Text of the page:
Here at Pretty Green HQ, we have been musing the seventies and what a curious decade it was. A time where perspectives were beginning to broaden, there was an unstoppable wave of political awareness and music was changing perceptions and brilliantly annoying the establishment. For those who don’t remember this poignant decade, your parents certainly will, and while it was culturally significant the flairs and fashion didn’t disguise the underlying menace of social unease and a brief lockdown for entirely different reasons as the country went on strike.
Home design meanwhile had reached a new zenith, anything ornate was boarded up such as doors and banisters, all interior colour turned beige and a shocking orange, there was the ubiquitous woodchip on the wall and of course, the legendary avocado bathroom suite which remarkably some still survive to this day.
Amongst all this tragedy of taste however house plants were becoming highly fashionable. Philodendrons, Boston Ferns and Umbrella Tress were amongst the most popular but nestled on the bookshelves of many suburban homes was the house plant of the age and the extraordinary Spider Plant. These were also to be found in macrame hanging baskets, these plants are amongst the easiest and fastest plants to grow indoors and were a low maintenance addition to many living rooms. Their long, curved ‘spider leg’ leaf’s make them ideal as hanging plants, but where the charm really lies is their stems which reach down and sprout baby spider plants. This in turn can easily be re-planted creating a plant family from the proud Mothership.
The Spider Plant here at Pretty Green HQ has been a prolific mother over the ages with her offspring dotted all around the country. Our mothers have one each, many friends have one, and many dinner party guests while being relieved of their wine end up back in the cab home carrying a Spider Plant.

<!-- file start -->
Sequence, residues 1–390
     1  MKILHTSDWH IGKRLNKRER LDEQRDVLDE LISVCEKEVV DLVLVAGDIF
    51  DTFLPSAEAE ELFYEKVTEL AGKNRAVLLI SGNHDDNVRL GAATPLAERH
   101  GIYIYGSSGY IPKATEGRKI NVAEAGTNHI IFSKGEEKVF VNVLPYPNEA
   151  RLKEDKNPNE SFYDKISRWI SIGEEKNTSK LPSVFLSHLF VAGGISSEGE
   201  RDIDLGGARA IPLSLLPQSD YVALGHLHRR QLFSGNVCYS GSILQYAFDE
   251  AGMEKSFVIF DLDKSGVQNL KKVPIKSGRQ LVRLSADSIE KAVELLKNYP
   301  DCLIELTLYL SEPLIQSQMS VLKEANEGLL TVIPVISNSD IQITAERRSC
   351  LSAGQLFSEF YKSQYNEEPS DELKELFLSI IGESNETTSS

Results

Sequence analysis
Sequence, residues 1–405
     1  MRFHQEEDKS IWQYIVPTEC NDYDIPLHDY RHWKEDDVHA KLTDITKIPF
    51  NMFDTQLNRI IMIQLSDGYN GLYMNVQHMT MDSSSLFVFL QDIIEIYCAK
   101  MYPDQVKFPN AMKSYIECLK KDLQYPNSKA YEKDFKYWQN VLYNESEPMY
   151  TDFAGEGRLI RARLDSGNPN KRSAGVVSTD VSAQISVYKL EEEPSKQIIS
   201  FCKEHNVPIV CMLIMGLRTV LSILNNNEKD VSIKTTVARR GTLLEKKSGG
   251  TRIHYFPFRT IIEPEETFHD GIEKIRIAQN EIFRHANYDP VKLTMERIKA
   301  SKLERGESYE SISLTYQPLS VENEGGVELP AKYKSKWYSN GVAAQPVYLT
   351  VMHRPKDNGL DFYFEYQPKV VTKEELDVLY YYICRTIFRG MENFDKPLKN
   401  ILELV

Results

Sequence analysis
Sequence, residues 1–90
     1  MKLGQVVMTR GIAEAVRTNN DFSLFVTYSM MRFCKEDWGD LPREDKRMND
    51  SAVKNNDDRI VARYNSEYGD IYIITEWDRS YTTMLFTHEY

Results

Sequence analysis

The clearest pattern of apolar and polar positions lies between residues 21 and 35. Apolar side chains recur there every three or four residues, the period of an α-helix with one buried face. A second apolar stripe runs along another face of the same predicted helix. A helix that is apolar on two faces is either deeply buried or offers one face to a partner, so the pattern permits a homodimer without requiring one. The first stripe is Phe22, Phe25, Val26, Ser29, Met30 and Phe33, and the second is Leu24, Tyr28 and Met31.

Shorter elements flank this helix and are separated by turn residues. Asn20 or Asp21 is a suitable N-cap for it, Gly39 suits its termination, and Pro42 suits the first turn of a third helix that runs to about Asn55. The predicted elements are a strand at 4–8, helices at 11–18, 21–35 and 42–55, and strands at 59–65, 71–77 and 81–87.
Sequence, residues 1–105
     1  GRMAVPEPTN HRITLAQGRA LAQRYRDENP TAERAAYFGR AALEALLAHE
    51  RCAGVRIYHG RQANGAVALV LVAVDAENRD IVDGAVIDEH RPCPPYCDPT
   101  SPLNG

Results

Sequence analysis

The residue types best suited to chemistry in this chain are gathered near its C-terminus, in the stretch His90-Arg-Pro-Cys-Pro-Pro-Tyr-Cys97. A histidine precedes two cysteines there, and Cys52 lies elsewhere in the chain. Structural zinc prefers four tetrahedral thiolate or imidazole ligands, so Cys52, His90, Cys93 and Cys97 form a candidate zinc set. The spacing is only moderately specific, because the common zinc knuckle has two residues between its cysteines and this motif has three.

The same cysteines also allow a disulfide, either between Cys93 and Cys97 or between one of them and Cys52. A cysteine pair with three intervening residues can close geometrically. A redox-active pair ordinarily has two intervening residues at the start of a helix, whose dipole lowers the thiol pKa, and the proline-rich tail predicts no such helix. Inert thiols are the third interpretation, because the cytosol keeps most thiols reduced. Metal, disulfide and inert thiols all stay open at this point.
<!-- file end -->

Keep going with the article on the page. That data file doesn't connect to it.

And so, what does it mean to the recipients, gifting a house plant to them? Plants, just like a photo can be a reminder of a time or a person and as the plant grows the memories will stay strong. There will be a smile of fondness when they go to water it and a pause to remember. Plants can do this, flowers can’t.
So, the message is clear, the gesture of flowers while being all lovely and fragrant will wither and die and with it the meaning. A house plant while clearly a more sustainable option will live longer in the hearts and minds destined not to end up in the bin but live long on a windowsill and in the memory. And by the way, if they say they’ve got too many – don’t listen, there is always room for another.
Finally, all you beautiful plant lovers! Now that the nights are drawing in and the central heating goes on, pay attention to your watering schedule. While they’ll love the warm conditions, the dry air the heating causes not so much. The RHS reckons they’ll get stressed out, but if you keep checking their moisture and perhaps rotate those near a radiator they’ll be just fine.